Sunday, January 19, 2020
But the news from China is a reminder that a harsher sort of memory is appropriate. As we contemplate the demographic challenge of the future, we should reserve particular opprobrium for those who chose, in the arrogance of their supposed humanitarianism, to use coercive and foul means to make the great problem of the 21st century worse.
Last year, the S&P 500 rose by 29%, the NASDAQ by 35%, and the Dow Jones Industrial Average by 22%. Middle-class Americans are increasingly reliant on their 401(k)s and pensions to live comfortably during retirement. Millions of other Americans depend on college-savings funds to help pay for their kids' educations. And even those without a stock portfolio benefit from a vibrant market, which generates profits that are invested in hiring, innovation and salaries while helping move money from unprofitable sectors to more profitable ones.
Actually, I think the case that the rise in the stock markets is an asset price bubble maintained by the bafflingly low interest rates promoted by the Fed and PDT even more so, is pretty strong. Whether this bubble will pop next year or ten years from now, I don't know, and nobody else seems to either. I suppose one could buy a bunch of puts, but that's very expensive, as one would expect it would be if lots of people thought it might happen.
Hawley expects McConnell's final impeachment resolution to give White House defense ability to motion to dismiss | TheHill
"I am familiar with the resolution as it stood a day or two ago," Hawley told the news source.
"My understanding is that the resolution will give the president's team the option to either move to judgment or to move to dismiss at a meaningful time," the junior senator continued.ADVERTISEMENT
Hawley also said that he would be "very, very surprised" if the final resolution didn't give Trump's lawyers that ability and that he might not vote for it.
Earlier this week, McConnell told reporters that "there is little or no sentiment in the Republican conference for a motion to dismiss. Our members feel that we have an obligation to listen to the arguments."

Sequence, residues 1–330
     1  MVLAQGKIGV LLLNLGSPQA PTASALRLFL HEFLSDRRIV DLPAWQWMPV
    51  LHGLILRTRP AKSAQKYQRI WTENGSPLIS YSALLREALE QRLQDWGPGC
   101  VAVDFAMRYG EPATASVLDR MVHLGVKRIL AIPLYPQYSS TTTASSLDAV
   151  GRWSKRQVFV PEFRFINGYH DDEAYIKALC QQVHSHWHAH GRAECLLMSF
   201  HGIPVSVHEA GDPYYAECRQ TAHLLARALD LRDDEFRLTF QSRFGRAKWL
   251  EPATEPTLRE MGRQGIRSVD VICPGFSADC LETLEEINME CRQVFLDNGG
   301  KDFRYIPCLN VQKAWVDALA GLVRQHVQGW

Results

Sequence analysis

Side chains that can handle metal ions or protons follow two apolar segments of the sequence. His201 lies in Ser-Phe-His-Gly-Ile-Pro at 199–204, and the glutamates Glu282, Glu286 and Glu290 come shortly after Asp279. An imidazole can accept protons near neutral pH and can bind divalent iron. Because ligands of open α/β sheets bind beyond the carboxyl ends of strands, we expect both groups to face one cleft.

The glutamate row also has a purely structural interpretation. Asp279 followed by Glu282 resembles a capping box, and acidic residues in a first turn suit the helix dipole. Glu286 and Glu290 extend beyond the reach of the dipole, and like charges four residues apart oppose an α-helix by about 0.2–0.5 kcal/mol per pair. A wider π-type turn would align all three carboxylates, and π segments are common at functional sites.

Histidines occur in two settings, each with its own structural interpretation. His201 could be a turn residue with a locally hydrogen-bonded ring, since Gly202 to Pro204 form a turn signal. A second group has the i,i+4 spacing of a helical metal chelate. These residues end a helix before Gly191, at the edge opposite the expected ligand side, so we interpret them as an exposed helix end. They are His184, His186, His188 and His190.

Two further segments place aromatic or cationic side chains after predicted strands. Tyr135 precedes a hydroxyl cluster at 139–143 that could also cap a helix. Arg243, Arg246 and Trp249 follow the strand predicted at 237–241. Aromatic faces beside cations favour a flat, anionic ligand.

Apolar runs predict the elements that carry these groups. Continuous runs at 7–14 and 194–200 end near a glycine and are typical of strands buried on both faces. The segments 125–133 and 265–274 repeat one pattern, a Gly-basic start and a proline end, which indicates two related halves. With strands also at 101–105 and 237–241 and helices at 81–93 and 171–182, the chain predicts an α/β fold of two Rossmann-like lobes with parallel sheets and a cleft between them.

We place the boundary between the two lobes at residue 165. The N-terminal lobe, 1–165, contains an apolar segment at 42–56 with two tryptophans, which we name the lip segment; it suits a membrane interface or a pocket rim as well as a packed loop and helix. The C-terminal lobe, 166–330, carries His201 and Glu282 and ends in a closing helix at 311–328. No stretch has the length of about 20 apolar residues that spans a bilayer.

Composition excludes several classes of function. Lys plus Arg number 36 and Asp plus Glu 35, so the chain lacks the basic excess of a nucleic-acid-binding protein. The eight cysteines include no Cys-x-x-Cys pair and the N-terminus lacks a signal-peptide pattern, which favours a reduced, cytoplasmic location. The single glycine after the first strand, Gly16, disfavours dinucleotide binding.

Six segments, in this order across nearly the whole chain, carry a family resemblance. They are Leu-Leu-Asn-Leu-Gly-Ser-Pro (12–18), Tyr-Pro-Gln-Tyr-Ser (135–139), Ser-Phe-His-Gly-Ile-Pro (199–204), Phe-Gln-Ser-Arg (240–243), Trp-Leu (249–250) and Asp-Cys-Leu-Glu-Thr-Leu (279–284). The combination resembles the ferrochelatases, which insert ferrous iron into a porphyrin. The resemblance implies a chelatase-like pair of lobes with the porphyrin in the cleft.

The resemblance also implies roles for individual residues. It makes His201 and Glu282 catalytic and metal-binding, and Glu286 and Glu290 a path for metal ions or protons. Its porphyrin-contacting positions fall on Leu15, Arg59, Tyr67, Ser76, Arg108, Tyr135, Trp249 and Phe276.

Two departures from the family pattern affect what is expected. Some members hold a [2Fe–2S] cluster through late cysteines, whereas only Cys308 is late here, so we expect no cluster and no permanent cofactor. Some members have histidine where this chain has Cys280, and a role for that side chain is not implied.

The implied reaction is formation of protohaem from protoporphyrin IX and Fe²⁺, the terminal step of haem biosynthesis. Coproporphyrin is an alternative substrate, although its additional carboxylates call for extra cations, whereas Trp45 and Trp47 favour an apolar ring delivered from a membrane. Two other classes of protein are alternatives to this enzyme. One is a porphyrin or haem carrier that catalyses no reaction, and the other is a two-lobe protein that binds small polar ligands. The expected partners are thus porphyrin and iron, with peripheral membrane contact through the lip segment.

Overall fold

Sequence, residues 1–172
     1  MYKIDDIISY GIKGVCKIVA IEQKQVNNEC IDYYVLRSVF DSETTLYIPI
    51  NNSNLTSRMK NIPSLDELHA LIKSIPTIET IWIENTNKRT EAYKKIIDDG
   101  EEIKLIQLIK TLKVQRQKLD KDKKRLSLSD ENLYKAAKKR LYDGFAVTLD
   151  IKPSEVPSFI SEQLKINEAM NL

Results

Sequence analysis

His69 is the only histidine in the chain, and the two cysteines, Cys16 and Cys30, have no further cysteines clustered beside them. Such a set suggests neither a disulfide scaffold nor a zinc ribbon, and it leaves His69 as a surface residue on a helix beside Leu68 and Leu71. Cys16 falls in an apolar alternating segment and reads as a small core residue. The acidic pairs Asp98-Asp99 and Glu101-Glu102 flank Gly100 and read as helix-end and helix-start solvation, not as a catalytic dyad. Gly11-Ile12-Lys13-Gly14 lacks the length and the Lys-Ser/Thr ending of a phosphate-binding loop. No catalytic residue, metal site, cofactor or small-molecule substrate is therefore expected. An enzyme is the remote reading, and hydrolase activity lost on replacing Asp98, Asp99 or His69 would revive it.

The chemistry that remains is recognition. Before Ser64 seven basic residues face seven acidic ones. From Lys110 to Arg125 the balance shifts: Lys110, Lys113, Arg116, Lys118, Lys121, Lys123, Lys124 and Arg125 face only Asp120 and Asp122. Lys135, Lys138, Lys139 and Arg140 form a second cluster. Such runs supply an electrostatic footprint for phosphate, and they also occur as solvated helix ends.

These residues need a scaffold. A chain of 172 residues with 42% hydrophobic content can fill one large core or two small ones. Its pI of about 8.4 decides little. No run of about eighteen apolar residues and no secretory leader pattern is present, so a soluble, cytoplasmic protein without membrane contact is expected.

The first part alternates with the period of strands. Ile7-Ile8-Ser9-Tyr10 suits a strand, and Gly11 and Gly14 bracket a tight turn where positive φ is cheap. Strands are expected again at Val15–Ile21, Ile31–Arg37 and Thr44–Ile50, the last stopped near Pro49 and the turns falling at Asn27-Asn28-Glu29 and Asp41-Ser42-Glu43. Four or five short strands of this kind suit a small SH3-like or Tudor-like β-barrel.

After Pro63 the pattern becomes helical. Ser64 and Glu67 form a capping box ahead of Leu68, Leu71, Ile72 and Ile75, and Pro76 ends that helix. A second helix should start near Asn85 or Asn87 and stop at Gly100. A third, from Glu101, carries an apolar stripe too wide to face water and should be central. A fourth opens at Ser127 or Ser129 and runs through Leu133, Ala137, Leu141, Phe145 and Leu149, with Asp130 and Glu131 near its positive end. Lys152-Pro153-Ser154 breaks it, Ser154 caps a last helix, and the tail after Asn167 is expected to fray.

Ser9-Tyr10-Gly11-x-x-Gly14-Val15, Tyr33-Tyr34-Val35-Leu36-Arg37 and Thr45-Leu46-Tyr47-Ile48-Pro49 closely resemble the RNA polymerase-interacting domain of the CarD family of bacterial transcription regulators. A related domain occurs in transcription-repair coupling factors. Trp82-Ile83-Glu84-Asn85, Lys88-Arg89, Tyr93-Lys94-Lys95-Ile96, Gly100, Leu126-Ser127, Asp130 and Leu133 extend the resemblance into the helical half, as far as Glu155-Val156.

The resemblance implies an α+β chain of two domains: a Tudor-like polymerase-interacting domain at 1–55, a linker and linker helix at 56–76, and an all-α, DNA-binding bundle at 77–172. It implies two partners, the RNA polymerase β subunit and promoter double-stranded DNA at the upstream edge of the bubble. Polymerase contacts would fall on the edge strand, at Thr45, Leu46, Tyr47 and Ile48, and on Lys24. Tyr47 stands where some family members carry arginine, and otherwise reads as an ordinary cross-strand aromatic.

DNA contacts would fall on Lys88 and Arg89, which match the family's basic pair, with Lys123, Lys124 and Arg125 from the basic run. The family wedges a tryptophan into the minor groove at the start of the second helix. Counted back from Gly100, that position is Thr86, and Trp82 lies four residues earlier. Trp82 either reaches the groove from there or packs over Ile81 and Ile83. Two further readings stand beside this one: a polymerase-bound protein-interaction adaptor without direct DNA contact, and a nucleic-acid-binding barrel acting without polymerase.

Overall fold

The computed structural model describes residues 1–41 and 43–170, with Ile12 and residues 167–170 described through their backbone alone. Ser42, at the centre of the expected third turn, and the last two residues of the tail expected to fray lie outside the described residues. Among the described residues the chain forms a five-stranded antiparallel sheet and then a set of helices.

CIUDAD HIDALGO, Mexico (AP) — Mexican authorities closed a border entry point in southern Mexico on Saturday after thousands of Central American migrants tried to push their way across a bridge spanning the Suchiate River between Mexico and Guatemala.
Honduran migrants waved their country’s flag and sang the national anthem as they approached the bridge. At the height of the confrontation, Guatemalan authorities estimated 2,500 migrants were on the bridge, or attempting to get on it.
The NYT cryptically reported this caravan was supported by some international NGO or something, if I remember correctly.
NEW YORK (AP) — Federal authorities are turning to a new tactic in the escalating conflict over New York City’s so-called sanctuary policies, issuing four “immigration subpoenas” to the city for information about inmates wanted for deportation.
“This is not a request — it’s a demand,” Henry Lucero, a senior U.S. Immigration and Customs Enforcement official, told The Associated Press. “This is a last resort for us. Dangerous criminals are being released every single day in New York.”
Mayor Bill de Blasio’s administration said Saturday the city would review the subpoenas.
“New York City will not change the policies that have made us the safest big city in America,” spokeswoman Freddi Goldstein said in an email.
Not sure saying you're the "safest big city in America" is saying all that much.
Saturday, January 18, 2020
The admirers will not make it past the table of contents. Among the chapter titles: “Unhinged,” “Shocking the Conscience,” “Paranoia and Pandemonium” and “Scare-a-Thon.” This verbiage makes Rucker and Leonnig’s book sound like one more enraged polemic. It isn’t. They’re meticulous journalists, and this taut and terrifying book is among the most closely observed accounts of Donald J. Trump’s shambolic tenure in office to date.
In case you need to be convinced how big a political issue this could become, remember that violent crime stories are visceral in many ways. They often involve life and death, and can be easily painted in terms of “good guys” and “bad guys” with very little gray areas in between.